In evaluating the distribution of vancomycin in our patient, it is important to note his critical illness about 60 days before admission to our hospital. In noncritically ill patients, vancomycin is best described by a 2- or 3-compartment pharmacokinetic profile with a volume of distribution (Vd) of 0.4–1 L/kg and protein binding of 10%–50%.[4],[5] However, in critically ill patients, the Vd has been shown to be increased (1.53 L/kg) compared to noncritically ill patients.[6] Our patient's estimated Vd at the start of therapy was about 1.31 L/kg, suggesting that his critical prior critical illness may have been clinically relevant at presentation despite his discharge more than 8 weeks prior and being without any renal replacement therapy for more than 4 weeks. Further, towards the latter part of the patient's treatment course, the patient's estimated Vd was significantly reduced at 0.345 L/kg. While the resolution of critical illness may explain part of the decrease, it is unlikely to account for the observed 74% drop in Vd. Importantly, the patient's Vd does not adequately explain the low VCl, and in fact makes this case more perplexing as the two variables are normally proportionally related. It would be expected that the patient's initial VCl would be significantly increased with his approximated Vd of 1.31 L/kg; however, the patient's calculated Ke was similar at all time points. Ultimately, the observed changes in the patient's Vd do not adequately explain this patient's response alone.

A second distributive factor that must be considered is the protein binding of vancomycin. As previously stated, vancomycin protein binding ranges from 10% to 50%.[4],[5] As the patient had an extended half-life, a significant increase in the vancomycin protein binding in our patient would have been necessary to explain the observed serum concentrations and decreased clearance. While the level of protein binding was not confirmed in our patient, this explanation alone is also unlikely as the patient's hepatic function was normal and his albumin was slightly decreased throughout his hospitalization (2.5–3.5 g/dL).

The next pharmacokinetic parameter that must be assessed is vancomycin elimination. Given that vancomycin is a large molecule (molecular weight, 1448 g/mol), elimination is extensively renal through glomerular filtration.[2],[4] In fact, as much as 80%–90% of an administered vancomycin dose can be recovered unchanged from the urine at 24 h.[2],[4] Due to the above, VCl has been highly correlated with CrCl and it is generally believed that the drug does not undergo appreciable amounts of nonrenal metabolism or excretion.[3] However, some early vancomycin pharmacokinetic studies describe variance in the ratio of VCl to CrCl.[7],[8] For example, Nielsen et al. evaluated 14 patients with infections and varying degrees of renal function who were treated with vancomycin.[7] VCl correlated well with CrCl (r = 0.90), but the VCl:CrCl ratio was lower than the VCl:125 iothalamate clearance ratio control (0.59 ± 0.11 vs. 0.79 ± 0.11).[7] This suggests that the estimated CrCl may underestimate VCl compared to VCl as measured by glomerular filtration. This was observed in our patient as the estimated CrCl significantly underestimated the VCl (VCL:CrCL ratio 0.024 on day 23) to an extent not previously described in the literature. A later, single-dose study conducted in four healthy males further demonstrated variance among the VCl:CrCl ratio (0.59–0.75).[8] The authors concluded that the variance could be explained by tubular reabsorption or protein binding.[8] In addition, another analysis identified tubular secretion as a potentially significant route of vancomycin elimination.[9] Both tubular reabsorption and inhibition of tubular secretion could help explain the higher than expected serum concentrations in our patient; however, given the patient's VCl:CrCl ratio, the etiology for either mechanism to result in such profound effects is unclear. Further, while these represent a possible mechanism, there have been few additional studies to confirm that tubular reabsorption or tubular secretion represents a major elimination pathway for vancomycin.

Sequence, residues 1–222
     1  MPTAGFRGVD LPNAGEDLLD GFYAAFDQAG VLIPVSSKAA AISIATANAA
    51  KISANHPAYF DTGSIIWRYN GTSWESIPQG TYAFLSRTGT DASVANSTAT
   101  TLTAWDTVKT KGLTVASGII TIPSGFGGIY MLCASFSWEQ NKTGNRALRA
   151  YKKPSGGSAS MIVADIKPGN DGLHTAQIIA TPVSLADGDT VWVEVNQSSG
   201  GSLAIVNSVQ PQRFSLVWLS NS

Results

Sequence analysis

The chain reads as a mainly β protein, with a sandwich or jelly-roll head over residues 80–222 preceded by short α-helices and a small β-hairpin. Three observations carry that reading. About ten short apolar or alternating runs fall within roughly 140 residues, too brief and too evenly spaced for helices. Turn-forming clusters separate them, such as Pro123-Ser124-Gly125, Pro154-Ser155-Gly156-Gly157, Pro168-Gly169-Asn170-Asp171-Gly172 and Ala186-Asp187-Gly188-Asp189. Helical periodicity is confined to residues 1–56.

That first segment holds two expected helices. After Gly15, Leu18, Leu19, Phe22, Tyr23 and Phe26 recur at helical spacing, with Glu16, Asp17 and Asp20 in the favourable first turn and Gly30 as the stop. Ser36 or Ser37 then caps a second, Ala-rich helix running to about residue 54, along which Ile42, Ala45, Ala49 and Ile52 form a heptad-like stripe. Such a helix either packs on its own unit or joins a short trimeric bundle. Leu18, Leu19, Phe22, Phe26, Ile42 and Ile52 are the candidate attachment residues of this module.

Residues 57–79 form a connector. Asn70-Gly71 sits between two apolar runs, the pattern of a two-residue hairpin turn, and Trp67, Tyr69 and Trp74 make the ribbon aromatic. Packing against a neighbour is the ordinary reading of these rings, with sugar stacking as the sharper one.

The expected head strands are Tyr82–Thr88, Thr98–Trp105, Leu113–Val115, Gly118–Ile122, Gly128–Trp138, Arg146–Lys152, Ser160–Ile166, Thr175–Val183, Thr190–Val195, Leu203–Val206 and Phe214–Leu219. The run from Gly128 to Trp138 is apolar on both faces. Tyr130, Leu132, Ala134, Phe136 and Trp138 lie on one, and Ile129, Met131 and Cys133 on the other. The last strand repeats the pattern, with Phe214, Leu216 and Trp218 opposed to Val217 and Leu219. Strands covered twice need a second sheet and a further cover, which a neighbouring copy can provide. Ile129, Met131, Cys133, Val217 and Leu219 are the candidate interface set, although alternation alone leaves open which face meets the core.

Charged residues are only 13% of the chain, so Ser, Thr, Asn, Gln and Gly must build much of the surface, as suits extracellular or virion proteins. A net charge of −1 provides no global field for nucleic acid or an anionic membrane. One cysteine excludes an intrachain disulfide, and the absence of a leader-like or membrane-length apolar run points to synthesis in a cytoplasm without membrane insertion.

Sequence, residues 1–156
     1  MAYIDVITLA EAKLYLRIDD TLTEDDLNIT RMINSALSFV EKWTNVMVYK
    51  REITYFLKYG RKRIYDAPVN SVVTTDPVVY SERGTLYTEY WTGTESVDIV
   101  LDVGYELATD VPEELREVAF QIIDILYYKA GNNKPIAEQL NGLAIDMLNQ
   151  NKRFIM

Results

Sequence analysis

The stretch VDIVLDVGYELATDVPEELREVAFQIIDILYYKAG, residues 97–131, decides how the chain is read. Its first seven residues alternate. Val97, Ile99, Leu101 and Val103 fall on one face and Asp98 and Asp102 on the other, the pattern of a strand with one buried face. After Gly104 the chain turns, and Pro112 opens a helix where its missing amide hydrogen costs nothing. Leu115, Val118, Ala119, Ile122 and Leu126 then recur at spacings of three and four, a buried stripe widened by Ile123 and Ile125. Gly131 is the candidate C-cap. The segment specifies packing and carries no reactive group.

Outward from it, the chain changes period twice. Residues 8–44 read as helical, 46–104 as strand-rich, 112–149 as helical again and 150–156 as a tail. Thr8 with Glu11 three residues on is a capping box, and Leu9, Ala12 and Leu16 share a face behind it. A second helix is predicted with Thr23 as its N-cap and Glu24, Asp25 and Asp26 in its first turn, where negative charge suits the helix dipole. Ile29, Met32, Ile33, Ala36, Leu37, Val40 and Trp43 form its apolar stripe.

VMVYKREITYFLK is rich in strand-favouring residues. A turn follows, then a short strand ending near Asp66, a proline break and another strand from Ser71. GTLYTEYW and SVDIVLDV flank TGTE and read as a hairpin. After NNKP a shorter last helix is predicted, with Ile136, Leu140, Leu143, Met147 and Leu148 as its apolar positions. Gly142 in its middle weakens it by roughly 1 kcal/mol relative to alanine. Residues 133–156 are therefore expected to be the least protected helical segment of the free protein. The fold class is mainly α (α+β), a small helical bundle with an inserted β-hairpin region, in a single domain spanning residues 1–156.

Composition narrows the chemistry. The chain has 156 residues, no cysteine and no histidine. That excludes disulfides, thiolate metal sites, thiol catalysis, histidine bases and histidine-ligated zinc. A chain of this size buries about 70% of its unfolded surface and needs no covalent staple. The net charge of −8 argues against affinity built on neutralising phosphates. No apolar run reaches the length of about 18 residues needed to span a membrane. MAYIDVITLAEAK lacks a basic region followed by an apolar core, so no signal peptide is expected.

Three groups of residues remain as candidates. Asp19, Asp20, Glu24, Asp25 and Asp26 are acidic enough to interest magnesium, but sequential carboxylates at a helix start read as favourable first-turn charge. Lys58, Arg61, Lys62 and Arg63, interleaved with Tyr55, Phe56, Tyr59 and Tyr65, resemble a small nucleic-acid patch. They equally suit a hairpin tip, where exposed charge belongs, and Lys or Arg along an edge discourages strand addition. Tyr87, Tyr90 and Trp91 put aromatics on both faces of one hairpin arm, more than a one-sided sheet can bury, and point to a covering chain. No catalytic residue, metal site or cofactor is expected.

Finally, it is necessary to assess if the patient's calculated CrCl was falsely elevated. During the patient's clinical course, both digoxin and meropenem serum concentrations were obtained for therapeutic drug monitoring and to help assess calculated CrCl. Digoxin is smaller than vancomycin (molecular weight 781 g/mol), and it undergoes significant renal elimination via glomerular filtration and active tubular secretion; about 75% of an administered dose can be recovered in the urine with the remainder undergoing hepatic metabolism and biliary elimination.[10] The patient presented received 0.125 mg of digoxin by mouth daily and had been receiving this dose for at least 14 days before transfer to our facility; the patient's digoxin serum concentration peaked at 0.77 ng/mL while his vancomycin serum concentration remained elevated at 30.1 mg/mL. Meropenem is even smaller than digoxin (molecular weight 383 g/mol) and undergoes both renal metabolism and excretion with up to 98% of a dose recovered in the urine (about 70% unchanged and 28% as inactive metabolite).[11] In addition to glomerular filtration, it is known that meropenem is actively secreted into the tubules of the kidney.[12] A meropenem serum concentration was obtained for our patient and was lower than expected. These results contradict the potential explanation of decreased glomerular filtration or tubular secretion explored above, unless the molecular size of vancomycin significantly altered one of its elimination parameters.